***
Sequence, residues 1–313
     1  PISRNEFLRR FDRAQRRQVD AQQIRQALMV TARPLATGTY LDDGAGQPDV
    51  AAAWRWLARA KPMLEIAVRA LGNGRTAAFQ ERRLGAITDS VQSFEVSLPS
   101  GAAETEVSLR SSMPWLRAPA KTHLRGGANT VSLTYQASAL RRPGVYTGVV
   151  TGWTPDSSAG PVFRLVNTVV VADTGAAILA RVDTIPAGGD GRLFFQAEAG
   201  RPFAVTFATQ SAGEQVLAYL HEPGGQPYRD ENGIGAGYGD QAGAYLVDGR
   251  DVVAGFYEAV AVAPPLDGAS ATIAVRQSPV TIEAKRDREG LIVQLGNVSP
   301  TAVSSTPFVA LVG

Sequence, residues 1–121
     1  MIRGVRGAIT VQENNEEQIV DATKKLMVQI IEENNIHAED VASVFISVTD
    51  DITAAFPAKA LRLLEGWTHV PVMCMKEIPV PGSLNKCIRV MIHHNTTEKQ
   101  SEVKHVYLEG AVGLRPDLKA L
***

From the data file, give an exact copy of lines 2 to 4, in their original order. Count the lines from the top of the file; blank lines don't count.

     1  PISRNEFLRR FDRAQRRQVD AQQIRQALMV TARPLATGTY LDDGAGQPDV
    51  AAAWRWLARA KPMLEIAVRA LGNGRTAAFQ ERRLGAITDS VQSFEVSLPS
   101  GAAETEVSLR SSMPWLRAPA KTHLRGGANT VSLTYQASAL RRPGVYTGVV